Historical and anthropological approaches to a changing regime of governance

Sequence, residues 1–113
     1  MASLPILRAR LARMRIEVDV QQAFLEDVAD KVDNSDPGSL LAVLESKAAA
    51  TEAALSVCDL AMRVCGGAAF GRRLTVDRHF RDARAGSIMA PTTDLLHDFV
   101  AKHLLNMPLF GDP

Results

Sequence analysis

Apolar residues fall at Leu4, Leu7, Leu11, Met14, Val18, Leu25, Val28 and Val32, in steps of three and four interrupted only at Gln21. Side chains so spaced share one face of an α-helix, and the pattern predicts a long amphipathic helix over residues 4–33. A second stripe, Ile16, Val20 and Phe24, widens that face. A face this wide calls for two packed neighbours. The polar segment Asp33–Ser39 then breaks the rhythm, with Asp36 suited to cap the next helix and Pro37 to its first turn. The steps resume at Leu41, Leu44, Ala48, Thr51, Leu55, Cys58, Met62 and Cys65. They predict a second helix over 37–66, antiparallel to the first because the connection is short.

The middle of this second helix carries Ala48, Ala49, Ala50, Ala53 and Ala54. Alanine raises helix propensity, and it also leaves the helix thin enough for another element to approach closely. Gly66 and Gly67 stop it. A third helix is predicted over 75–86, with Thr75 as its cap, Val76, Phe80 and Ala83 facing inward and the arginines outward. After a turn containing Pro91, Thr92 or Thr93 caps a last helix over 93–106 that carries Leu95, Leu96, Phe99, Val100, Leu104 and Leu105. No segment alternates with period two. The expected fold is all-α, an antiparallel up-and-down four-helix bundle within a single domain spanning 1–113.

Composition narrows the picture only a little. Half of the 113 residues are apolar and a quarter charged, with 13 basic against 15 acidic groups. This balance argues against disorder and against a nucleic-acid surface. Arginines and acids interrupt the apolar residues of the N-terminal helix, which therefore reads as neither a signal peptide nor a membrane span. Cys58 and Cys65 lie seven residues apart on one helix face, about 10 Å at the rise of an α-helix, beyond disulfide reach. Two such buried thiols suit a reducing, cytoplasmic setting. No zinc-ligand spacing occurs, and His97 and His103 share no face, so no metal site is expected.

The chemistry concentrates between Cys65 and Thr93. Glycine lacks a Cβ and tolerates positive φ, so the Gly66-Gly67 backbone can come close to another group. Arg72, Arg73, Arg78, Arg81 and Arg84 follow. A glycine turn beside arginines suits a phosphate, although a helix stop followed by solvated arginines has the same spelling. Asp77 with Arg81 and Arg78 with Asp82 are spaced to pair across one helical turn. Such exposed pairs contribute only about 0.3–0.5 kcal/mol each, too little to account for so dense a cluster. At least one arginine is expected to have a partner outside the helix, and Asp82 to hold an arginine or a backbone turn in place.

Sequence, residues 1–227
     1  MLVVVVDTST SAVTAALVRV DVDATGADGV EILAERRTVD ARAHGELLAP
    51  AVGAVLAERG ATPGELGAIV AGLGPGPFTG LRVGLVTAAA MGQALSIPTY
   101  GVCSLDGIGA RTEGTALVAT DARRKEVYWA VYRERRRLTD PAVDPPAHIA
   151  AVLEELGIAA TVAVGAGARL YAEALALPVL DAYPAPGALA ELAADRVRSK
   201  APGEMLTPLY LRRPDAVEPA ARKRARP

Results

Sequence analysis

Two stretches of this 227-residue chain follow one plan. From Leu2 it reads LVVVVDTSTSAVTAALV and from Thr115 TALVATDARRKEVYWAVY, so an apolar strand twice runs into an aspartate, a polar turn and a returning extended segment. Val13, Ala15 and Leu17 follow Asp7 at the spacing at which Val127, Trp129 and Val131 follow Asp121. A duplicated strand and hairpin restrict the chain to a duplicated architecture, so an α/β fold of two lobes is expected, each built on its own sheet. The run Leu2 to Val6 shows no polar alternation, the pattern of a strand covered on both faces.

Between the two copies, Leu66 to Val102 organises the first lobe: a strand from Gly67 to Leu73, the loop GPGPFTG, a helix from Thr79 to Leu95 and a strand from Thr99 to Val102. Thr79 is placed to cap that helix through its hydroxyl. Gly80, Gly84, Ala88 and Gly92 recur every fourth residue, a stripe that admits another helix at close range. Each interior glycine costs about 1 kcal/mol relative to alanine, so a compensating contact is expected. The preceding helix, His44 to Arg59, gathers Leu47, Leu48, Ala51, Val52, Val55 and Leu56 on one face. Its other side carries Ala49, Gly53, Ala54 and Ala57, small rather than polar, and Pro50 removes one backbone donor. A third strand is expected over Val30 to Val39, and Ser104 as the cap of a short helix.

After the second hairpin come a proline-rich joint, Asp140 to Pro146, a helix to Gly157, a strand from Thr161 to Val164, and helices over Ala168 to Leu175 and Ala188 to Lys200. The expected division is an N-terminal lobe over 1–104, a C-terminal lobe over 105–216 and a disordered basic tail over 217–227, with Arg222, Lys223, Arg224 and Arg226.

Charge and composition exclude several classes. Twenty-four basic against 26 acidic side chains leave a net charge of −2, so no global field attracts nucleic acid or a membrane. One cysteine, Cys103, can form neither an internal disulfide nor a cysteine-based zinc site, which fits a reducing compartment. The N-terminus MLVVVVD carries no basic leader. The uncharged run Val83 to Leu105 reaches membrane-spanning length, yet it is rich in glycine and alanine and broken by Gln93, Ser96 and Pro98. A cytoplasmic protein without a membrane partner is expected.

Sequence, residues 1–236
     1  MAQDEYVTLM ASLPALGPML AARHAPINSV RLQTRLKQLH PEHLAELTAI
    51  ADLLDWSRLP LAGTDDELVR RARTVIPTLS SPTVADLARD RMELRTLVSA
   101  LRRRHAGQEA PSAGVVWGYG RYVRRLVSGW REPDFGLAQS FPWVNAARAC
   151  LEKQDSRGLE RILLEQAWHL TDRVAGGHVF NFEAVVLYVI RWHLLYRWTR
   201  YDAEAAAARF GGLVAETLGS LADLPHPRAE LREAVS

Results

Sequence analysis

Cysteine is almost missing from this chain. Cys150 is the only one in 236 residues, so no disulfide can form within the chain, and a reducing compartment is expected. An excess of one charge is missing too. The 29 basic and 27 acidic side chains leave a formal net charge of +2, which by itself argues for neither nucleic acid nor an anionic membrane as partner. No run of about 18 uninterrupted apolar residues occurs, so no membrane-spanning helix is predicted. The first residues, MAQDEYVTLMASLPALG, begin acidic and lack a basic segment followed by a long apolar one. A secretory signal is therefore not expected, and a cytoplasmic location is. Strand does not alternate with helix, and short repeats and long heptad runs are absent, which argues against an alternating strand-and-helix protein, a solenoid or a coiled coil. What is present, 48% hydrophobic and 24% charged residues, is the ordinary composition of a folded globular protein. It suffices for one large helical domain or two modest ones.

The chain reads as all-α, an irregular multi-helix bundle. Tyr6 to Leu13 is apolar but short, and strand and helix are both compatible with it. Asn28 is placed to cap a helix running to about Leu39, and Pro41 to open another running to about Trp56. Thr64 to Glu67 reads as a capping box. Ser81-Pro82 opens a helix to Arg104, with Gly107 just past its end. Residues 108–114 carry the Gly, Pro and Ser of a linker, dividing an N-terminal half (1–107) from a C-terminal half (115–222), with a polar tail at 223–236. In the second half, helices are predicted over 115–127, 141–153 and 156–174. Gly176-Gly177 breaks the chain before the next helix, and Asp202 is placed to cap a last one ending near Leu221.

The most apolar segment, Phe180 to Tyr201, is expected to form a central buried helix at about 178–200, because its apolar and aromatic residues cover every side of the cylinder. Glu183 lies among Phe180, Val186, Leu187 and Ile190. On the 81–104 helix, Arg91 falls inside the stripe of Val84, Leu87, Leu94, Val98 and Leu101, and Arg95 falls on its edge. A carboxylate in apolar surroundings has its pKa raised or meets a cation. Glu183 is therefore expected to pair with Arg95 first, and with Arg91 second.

What does global health stem from, when is it born, how does it relate to the contemporary world order? This book explores the origins of global health, a new regime of health intervention in countries of the global South, born around 1990. It proposes an encompassing view of the transition from international public health to global health, bringing together historians and anthropologists to explore the relationship between knowledge, practices and policies. It aims at interrogating two gaps left by historical and anthropological studies of the governance of health outside Europe and North America. The first is a temporal gap between the historiography of international public health through the 1970s and the numerous anthropological studies of global health in the present. The second originates in problems of scale. Macro-inquiries of institutions and politics, and micro-investigations of local configurations, abound. The book relies on a stronger engagement between history and anthropology, i.e. the harnessing of concepts (circulation, scale, transnationalism) crossing both of them, and on four domains of intervention: tuberculosis, mental health, medical genetics and traditional (Asian) medicines. The volume analyses how the new modes of ‘interventions on the life of others’ recently appeared, why they blur the classical divides between North and South and how they relate to the more general neoliberal turn in politics and economy. The book is meant for academics, students and health professionals interested in new discussions about the transnational circulation of drugs, bugs, therapies, biomedical technologies and people in the context of the ‘neoliberal turn’ in development practices.